Africans were brewing beer long before the arrival of European settlers, and traditional brewing has remained integral to African history and culture. Archaeologists estimate that the cultivation of sorghum – which is a type of grass – dates back 5,000 years to the ancient Kingdom of Kush (now present-day Sudan), arguably the first African civilization.
Later, as the Bantu-speaking tribes migrated south, they brought the art of brewing sorghum with them. Sorghum beer is considered the traditional beer of Africa: from the original Chibuku in Zambia to pito in Ghana, it’s been brewed across the continent for thousands of years.
In South Africa, we have umqombothi, made from maize, malted sorghum and water. The sorghum in umqombothi gives it its characteristic, lingering sour aftertaste. The taste that reminds us of the joy of a wedding, the sadness of a funeral, and the communion with amadlozi (the ancestors).
A unique carton for a uniquely African beer
Traditional sorghum beer is drunk while still fermenting – it’s said that the more foam around a container, the fresher it is! Frothing and foaming make sorghum special; it’s also why Nampak’s conical carton – which is packaging specific for commercially brewed sorghum beer – allows the foam to expel safely.
The carton’s gable-top ‘chimney’ vents allow gas, given off by the live fermentation after packing, to escape, preventing the pack from bursting. Home brewed sorghum beer on the other hand, is fermented in everything from clay pots in backyards to open plastic buckets in shebeens, with hygiene a potential issue in the process.
This was put in the spotlight during South Africa’s Covid-19 alcohol bans, which forced many people to brew their own beer – sometimes with lethal consequences. In informal brewing environments, sorghum beer can be given an extra ‘kick’ with methylated spirits and even battery acid.
That’s why packaging, like liquid beverage cartons, that’s not only safe and tamper-proof, but maintains the beer’s freshness and live fermentation process is essential to keep this African tradition going strong.
“For this is Africa”
Of course, the world changes and traditions shift – and sorghum is seeing a trendy uptick. Sorghum is seen as a healthier alternative to commercial beer, as it’s gluten-free, high in antioxidants that can prevent cardiovascular disease and certain cancers, and it has a lower alcohol content.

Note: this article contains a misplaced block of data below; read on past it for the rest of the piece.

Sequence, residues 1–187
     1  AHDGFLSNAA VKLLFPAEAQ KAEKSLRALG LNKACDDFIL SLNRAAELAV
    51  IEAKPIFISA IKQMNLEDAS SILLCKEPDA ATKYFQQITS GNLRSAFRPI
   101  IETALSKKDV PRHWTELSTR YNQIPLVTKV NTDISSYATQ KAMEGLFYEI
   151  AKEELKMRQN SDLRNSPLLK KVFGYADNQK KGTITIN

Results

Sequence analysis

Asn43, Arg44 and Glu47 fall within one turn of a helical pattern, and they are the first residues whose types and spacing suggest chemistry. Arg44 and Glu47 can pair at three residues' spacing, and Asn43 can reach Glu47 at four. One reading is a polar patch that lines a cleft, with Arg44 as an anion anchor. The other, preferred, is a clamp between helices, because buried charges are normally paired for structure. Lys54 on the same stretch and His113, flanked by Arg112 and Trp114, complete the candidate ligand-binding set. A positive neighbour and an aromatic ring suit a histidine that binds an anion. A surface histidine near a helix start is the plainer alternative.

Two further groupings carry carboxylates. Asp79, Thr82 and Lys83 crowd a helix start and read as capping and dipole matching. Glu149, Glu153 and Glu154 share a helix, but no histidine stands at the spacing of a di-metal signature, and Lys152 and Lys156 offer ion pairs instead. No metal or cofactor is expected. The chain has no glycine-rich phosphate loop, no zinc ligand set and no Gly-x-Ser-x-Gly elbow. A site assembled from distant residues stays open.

Commercially brewed and packaged sorghum beer is prolific around Africa in countries like Zambia, Malawi, Zimbabwe, Tanzania and Botswana. In South Africa, United National Breweries has long been the stalwart of professionally brewed commercial sorghum beer.
UNB (United National Breweries) came about as a merger between SABMillers’ Traditional Beer Investment division and National Sorghum Breweries. More recently, real interest has been shown in the growth of this sector as the market craves a more affordable, traditional alcoholic beverage, with more breweries set to open.
My Urban Africa is an up-and-coming brewery based in Gqeberha started by Wes Tiedt and Derek Perryman who have long been involved in the sorghum beer industry. After having consulted within the industry, they saw an opportunity in the market and decided to start their My Urban Africa venture.
MUA offers BRA’s, a new brand of commercially made traditional beer brewed locally in Gqeberha and readily available. BRA’s is packaged in cartons which is not only safe and tamper-proof but maintains the beer’s live fermentation process which is essential to keeping the African tradition going strong.
Whether sorghum beer becomes the next bar trend remains to be seen, but the traditional African beer isn’t going anywhere. In 2017, journalist Fred Kumalo wrote a column about the fraught history and possible fate of umqombothi.
He puts it aptly: “Mr Sorghum Mqombothi, let them froth at the mouth in their denunciation of you as a backward brew, but you and I know that when the chips are down, they always come back to you. Behind those closed doors, away from the chandeliered houses in the fashionable suburbs, they continue to draw sustenance from you. For this is Africa.”
By Raymond Dube, Director, Nampak Liquid Carton’s